The history of The Asylum is the history of human beings putting their faith in things unseen to frame the visible, to bring order and meaning to a chaotic and cruel world, some more reasonable than others, and then fighting with each other, often unreasonably, over which unseen thing is "crazy" and which one is "real." Microbes and sin. God and gravity. Even little green men.
October, 1964. John F. Kennedy is dead, The Beatles have invaded, Vietnam is about to go next level. LBJ has just signed The Civil Rights Act outlawing discrimination and abolishing segregation... but it takes more to rehabilitate the corrupt character of a culture. If only the process of refining change was as easy-peasy as the example presented by the year's biggest film, released on Oct. 21, 1964: My Fair Lady. Now wouldn't that be loverly?
Kit Walker is a young man making a scrappy living pumping gas in Nowheresville, Massachusetts. Population: Racist. We meet him as he’s taking guff from a cranky customer complaining about the station’s prices -- 30 cents a gallon -- and asking for a coloring book for his kid, the one shooting a toy gun at Kit, who is playing back, acting like a monster. The motorist tosses a 10 spot at Kit’s feet and drives away. "A—hole." Still, Kit can’t be brought low. It’s a closing time at Woodall Gasoline, and he’s righteously in love. He cranks up The Drifters. He cuts loose joyously: There goes my baby/Moving on down the line/Wonder where, wonder where, wondering where/She is bound...
Soon, Kit Walker will be wondering the same thing.
He’s putting away the cash box when he hears a DING! DING! A new customer? No. No’s one there. Then the lights go out. Now Kit’s scared. He makes a beeline for the cabinet where he keeps the gun when BOO! It’s only his “friend” Billy and two other pals. They tell him they want to borrow the gun to pull prank on some guy's sister. Kit -- quite responsible, so much more mature than his former chums -- says absolutely not. Billy feels disappointed, perhaps judged. And then he gets vaguely sinister. He asks about Kit’s income. He inquires about “the maid” that Kit is somehow able to afford. He grabs a candy bar, strips the wrapper, and takes a loud crunchy bite while staring at Kit with psycho eyes. “Mmmm,” he murmurs salaciously. “Chocolate.”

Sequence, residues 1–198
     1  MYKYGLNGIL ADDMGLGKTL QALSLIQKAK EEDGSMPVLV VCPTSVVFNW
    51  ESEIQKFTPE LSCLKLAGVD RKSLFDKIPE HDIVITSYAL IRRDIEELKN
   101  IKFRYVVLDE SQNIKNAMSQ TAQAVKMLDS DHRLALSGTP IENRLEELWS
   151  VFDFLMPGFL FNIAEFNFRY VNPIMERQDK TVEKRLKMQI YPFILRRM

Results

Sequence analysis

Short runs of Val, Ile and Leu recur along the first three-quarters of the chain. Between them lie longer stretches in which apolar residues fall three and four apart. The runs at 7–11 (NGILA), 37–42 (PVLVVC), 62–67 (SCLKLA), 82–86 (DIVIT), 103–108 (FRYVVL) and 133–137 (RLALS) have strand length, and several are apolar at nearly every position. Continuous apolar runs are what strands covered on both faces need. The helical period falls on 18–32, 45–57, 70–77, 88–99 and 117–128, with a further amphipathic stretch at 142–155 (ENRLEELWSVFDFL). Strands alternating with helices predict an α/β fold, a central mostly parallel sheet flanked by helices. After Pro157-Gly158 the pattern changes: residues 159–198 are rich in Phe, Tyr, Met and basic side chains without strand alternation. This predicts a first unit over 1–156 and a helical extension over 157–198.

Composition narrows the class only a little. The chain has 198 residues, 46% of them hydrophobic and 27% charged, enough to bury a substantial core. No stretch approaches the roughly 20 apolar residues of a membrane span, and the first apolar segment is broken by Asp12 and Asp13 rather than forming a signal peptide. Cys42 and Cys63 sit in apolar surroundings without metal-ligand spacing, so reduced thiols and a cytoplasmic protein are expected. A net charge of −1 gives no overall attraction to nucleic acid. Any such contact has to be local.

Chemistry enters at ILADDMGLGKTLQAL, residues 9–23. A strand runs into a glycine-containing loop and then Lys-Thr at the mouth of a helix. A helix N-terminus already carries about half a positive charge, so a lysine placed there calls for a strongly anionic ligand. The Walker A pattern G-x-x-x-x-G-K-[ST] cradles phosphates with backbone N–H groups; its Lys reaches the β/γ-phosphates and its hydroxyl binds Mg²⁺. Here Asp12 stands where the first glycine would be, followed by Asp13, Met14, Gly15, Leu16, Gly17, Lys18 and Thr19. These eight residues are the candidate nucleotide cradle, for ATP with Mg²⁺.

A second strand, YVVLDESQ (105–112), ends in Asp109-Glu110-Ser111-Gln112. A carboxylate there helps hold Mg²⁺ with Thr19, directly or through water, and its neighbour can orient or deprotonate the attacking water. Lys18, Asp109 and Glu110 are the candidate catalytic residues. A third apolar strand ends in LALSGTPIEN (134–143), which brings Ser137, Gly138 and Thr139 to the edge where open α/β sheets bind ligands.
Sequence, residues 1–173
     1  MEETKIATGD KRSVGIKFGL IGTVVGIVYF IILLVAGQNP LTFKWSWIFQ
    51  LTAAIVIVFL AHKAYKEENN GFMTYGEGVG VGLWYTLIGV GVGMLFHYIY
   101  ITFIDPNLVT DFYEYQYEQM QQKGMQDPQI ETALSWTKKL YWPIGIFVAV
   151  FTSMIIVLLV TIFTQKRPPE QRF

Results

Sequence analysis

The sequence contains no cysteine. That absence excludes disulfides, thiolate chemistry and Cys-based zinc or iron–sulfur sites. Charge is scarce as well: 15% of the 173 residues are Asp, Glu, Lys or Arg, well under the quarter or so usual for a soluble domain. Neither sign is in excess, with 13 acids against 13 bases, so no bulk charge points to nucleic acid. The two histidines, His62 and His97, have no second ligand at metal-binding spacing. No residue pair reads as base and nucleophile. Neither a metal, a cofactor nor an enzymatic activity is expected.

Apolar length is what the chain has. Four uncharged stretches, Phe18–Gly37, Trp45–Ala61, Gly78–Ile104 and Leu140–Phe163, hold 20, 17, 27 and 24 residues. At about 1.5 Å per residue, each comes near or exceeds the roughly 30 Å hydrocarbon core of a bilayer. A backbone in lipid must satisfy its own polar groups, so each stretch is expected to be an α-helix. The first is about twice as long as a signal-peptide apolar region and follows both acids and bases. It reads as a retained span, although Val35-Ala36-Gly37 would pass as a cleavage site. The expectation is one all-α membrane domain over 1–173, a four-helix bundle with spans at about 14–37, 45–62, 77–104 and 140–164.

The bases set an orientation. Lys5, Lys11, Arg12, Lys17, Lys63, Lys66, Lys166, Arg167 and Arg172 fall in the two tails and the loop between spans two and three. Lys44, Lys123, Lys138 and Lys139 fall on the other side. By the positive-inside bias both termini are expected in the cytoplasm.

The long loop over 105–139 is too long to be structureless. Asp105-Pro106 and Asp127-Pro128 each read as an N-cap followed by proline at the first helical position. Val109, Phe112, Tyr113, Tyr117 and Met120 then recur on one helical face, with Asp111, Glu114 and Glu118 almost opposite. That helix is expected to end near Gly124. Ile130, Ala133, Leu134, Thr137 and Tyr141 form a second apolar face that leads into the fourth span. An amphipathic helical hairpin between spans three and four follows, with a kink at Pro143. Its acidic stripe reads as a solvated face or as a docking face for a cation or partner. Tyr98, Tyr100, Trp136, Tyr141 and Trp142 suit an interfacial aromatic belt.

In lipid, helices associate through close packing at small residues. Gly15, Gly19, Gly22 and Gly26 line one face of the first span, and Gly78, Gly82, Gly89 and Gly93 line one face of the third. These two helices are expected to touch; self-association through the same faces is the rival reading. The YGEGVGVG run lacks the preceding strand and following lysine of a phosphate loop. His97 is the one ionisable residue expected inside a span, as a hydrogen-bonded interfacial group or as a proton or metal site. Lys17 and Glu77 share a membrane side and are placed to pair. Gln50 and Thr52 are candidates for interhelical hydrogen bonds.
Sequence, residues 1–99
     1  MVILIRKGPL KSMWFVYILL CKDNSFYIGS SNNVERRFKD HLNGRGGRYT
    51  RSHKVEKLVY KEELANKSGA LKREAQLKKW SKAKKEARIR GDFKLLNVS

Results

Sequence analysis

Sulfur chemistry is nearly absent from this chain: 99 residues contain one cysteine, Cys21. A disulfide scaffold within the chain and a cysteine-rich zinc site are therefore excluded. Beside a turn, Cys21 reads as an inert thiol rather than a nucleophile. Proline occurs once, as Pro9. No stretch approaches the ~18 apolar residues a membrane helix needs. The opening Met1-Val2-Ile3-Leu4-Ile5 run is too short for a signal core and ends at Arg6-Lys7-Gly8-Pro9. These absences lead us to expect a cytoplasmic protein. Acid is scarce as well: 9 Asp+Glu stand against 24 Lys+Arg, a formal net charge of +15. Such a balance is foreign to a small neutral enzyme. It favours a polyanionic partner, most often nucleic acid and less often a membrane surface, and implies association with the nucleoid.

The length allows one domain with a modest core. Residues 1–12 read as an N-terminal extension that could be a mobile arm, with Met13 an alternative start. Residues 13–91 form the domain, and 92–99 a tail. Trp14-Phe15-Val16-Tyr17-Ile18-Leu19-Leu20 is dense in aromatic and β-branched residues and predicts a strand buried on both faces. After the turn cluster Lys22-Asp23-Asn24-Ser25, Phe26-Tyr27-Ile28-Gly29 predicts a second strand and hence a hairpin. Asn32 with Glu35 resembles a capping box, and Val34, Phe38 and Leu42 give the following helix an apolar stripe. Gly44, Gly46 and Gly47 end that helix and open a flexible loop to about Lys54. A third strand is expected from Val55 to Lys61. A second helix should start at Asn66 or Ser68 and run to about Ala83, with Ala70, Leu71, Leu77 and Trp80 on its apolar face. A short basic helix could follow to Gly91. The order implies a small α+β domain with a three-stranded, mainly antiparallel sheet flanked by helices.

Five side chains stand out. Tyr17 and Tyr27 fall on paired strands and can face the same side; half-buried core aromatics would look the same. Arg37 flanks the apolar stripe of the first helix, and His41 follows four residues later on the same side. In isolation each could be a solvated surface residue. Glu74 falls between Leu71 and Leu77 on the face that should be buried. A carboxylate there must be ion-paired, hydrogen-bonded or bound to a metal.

Kit gulps. Billy knows.
Kit goes home and finds the aforementioned “maid” setting the table. But Alma Walker is not a maid at all. She is Kit’s wife. She is also black, and he is white, and the newlyweds have not told a single soul about their union, not even their families, because this is 1964, and interracial marriage is still three years away from becoming legal in all 50 states.
Kit puts on his wedding ring – the one he leaves in a dish by the door whenever he leaves the house. It’s a ritual he hates. “Let’s do it, babe,” he says. “Let’s tell everyone.”
“The world will change one day,” Alma says.
“The world is wrong,” Kit replies.
“We need to keep it a secret.”
“That makes me feel like I can’t protect my own family.”
They kiss. The argument is tabled, and so is dinner. After they make love, Alma returns to the kitchen, and Kit smokes in bed, listening to “A Summer Song” by Chad and Jeremy.
They say that all good things must end/Someday…
The radio crackles weirdly. Kit bangs on it. Crackle gone.
Then a strobe of lights – car headlights? – strafes the bedroom window. Unwanted visitors. Kit thinks: Billy. He swears and dresses and arms himself with a shotgun and orders Alma to stay in the kitchen. He goes into the yard. He calls out to the shadows, tells Billy to stop playing games --
Hot white light blazes from the sky, accompanied by a crackle of electricity. He hears Alma scream. Kit runs inside. Alma is gone. Furniture and tables are overturned. A sustained sonic blast rocks Kit’s head. He drops the rifle, covers his ears, hits the floor screaming. The windows explode, glass flies... and then the sound stops. Kit catches his breath... and then gets sucked to the ceiling as if drawn by a tractor beam, and then rudely dropped. Hard. He rolls onto his back –
And now’s he’s naked and laying in a limitless otherworldly expanse of white space. He tries to sit up – and a long spindly alien finger flicks him back down.
Yes, we said aliens.
And Kit Walker screams some more.
And to think he hasn’t even met Sister Jude yet.
NEXT: Into The Hellhole